Willow began having unexplained rashes on her body at just two months of age. Concerned about the initial rash on Willow’s belly, parents Natalie and James decided to take her to the pediatrician. The nurse practitioner diagnosed the rash as a mix of hormonal bumps, a common occurrence associated with breastmilk, and heat rash. She prescribed Willow a topical cream, but about a week later, the bumps began to spread.
Another visit to the pediatrician lead to an eczema diagnosis, yet the new creams did nothing to slow the spread of the rash. Now covering her belly, back, parts of her face, the family headed back to the pediatrician once more. The doctor was at a loss and sent Willow to a dermatologist, who also believed Willow had a severe case of eczema. They ordered a biopsy just to be sure, but the results simply affirmed the doctor’s initial diagnosis of eczema.
Countless creams, lotions, and detergents later, the rashes continued to worsen, and Willow developed bright red bumps around her groin and a thick crust over her scalp. Finally, mom Natalie had enough — Willow was in pain and her rashes looked nothing like eczema, so she demanded another biopsy. This time, they received a completely different diagnosis: Langerhans Cells Histiocytosis (LCH). LCH is a rare disorder in which excess immune system cells, called Langerhans cells, build up in the body.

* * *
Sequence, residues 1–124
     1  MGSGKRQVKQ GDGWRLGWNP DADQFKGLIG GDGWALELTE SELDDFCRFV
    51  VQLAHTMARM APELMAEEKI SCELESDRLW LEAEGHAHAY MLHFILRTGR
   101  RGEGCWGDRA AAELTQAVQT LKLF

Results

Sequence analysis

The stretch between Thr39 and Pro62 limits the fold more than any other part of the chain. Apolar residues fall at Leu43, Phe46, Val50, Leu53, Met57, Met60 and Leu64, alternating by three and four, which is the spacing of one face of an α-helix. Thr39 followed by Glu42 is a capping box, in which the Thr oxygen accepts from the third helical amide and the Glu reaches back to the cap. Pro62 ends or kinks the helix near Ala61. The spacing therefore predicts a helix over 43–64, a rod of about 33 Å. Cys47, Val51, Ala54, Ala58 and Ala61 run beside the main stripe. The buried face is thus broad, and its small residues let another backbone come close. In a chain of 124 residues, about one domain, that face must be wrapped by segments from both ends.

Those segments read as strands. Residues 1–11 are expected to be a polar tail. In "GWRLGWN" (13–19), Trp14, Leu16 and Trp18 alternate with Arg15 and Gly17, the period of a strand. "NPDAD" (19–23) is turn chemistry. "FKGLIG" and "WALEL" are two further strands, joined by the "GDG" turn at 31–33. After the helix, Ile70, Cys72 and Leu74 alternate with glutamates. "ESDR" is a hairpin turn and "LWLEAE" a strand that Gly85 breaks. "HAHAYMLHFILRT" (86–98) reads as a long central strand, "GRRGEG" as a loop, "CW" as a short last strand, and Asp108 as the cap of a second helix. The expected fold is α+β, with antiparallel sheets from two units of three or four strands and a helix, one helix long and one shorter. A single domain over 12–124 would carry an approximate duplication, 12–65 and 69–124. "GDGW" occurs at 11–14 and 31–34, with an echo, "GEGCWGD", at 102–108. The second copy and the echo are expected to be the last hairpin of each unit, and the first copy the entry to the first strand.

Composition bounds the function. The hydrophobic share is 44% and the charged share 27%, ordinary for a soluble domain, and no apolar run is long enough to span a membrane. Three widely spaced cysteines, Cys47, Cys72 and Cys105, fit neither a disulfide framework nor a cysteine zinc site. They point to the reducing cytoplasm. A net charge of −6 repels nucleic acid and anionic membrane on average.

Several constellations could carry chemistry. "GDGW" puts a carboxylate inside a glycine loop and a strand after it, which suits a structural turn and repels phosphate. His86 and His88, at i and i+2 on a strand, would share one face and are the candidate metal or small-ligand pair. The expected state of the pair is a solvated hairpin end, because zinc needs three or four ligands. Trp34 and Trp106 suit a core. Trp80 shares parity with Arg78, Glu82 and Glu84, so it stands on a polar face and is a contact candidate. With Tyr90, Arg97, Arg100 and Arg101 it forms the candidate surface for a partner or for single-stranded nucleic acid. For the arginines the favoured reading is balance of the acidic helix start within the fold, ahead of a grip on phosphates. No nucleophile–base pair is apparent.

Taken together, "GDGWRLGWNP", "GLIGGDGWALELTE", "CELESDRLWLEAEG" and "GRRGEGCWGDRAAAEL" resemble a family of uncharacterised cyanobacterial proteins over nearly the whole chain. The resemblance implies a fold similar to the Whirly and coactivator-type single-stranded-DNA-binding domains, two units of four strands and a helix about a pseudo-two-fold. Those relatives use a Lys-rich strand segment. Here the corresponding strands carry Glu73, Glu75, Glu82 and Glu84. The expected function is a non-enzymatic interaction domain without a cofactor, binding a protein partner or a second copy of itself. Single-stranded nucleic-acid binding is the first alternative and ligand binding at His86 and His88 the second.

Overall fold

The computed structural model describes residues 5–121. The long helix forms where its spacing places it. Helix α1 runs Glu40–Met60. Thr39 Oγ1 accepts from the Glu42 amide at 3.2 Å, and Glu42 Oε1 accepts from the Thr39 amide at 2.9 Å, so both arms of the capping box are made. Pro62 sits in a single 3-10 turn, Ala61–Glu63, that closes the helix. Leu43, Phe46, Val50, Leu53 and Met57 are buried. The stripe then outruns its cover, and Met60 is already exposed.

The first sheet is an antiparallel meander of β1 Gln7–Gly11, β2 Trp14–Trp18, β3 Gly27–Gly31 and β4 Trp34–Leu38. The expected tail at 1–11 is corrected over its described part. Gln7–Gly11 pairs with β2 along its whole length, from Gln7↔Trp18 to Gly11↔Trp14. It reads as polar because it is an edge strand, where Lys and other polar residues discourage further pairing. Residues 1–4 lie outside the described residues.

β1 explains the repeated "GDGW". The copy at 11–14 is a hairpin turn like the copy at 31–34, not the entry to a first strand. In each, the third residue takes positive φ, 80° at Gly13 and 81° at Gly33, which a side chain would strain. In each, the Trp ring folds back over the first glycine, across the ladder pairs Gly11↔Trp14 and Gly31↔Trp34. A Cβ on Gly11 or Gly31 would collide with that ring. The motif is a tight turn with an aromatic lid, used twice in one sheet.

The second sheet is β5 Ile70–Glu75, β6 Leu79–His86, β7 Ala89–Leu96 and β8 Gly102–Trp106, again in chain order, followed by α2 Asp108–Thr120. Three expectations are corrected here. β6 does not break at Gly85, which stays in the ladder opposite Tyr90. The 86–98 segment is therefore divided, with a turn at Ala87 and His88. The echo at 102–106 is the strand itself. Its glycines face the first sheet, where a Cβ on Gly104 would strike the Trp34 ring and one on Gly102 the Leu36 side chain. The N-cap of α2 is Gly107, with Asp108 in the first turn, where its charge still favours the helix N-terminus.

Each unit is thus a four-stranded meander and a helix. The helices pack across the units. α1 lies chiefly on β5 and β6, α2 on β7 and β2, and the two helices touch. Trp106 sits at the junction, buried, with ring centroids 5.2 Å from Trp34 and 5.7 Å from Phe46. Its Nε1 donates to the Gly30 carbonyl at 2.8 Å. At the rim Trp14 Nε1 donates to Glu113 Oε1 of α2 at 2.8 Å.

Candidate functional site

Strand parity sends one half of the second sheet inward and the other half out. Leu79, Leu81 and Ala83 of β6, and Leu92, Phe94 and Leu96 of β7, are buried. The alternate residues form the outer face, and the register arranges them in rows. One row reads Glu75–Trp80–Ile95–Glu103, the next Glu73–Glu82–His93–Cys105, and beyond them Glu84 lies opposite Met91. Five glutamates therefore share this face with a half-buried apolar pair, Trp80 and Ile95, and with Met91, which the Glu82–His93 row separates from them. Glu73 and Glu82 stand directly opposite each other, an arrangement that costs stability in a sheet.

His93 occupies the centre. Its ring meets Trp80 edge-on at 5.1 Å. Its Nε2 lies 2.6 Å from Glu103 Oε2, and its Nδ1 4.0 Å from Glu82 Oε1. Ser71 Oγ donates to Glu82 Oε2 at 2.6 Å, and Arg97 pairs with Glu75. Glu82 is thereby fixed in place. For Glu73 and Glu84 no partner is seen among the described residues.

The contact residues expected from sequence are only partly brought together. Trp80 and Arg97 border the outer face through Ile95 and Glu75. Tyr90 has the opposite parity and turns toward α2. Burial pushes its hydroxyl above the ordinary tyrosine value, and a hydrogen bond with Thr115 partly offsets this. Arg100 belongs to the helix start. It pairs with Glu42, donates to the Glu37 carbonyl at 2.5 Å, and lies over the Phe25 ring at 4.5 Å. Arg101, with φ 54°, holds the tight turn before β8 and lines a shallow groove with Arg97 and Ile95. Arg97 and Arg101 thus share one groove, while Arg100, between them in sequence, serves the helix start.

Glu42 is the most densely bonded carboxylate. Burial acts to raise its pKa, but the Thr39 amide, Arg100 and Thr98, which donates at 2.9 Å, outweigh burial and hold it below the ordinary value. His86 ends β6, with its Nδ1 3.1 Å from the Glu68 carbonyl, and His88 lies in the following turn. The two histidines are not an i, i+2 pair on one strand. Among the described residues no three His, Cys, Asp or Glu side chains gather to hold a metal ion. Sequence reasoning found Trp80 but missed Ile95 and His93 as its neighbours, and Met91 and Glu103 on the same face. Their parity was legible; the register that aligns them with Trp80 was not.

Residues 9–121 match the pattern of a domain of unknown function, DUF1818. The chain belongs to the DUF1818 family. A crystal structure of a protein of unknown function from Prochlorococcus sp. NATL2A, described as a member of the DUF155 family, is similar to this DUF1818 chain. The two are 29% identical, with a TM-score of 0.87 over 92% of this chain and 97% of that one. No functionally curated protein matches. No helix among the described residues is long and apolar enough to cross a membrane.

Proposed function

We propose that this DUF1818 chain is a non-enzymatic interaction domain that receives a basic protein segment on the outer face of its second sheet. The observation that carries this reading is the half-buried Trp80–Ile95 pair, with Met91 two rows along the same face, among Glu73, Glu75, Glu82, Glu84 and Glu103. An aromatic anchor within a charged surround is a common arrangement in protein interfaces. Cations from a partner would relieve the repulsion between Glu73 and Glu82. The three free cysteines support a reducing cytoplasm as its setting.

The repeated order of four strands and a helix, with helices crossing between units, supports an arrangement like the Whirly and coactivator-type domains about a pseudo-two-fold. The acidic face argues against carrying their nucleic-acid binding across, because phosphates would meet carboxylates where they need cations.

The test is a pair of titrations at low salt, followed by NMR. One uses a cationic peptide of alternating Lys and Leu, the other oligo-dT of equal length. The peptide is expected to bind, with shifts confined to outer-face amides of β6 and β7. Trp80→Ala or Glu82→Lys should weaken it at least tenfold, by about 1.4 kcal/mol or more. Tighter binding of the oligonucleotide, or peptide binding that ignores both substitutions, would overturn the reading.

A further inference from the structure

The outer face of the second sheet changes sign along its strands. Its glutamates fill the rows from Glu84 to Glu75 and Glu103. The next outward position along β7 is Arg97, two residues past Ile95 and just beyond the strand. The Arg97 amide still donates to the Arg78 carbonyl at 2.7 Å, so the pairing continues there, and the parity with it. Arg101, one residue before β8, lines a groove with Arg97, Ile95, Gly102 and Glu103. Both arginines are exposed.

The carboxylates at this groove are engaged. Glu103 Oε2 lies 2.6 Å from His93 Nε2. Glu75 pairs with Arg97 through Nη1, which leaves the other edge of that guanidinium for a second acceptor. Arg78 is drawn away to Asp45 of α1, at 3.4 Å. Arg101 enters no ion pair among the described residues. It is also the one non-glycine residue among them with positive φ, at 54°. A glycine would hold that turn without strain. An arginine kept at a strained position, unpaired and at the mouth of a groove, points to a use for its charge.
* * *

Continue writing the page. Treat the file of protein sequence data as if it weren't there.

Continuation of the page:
LCH can affect the skin or the bones — initially, tests revealed that Willow’s LCH only resided in her skin. But as time passed, the oncologist discovered that the LCH had spread and formed two bone lesions on the back of her head. As doctors prepped Willow for surgery, blood work revealed that she had low hemoglobin and would need a blood transfusion. They also discovered signs that LCH could also be in her bone marrow. Willow’s chemo port was placed the very next week and she began her chemo treatments the same day. She also had a bone marrow aspiration during the surgery.
Willow’s treatment plan consisted of chemo once a week for six weeks, followed by a strong dose of oral steroids. At the end of those six weeks, a CT scan revealed little progress so the treatment regimen was repeated. Finally, the family received news that Willow was able to move to the next phase of treatment: maintenance. Chemo would occur once every three weeks, followed by a five-day course of steroids.
Then, the family faced yet another roadblock. The bone lesion had returned, so another round of chemo was scheduled. Following this treatment, the bone “knot” did not improve, and so the oncologist switched her to a stronger, harsher form of chemo and steroids.
“This journey has been an emotional roller coaster, a finical burden, an all-around life-changing event,” said Willow’s family. “It can be physically draining.” Today, Willow is coping with the side effects of LCH and her treatment. Her speech and physical abilities have been delayed, and she’s currently receiving therapy for both.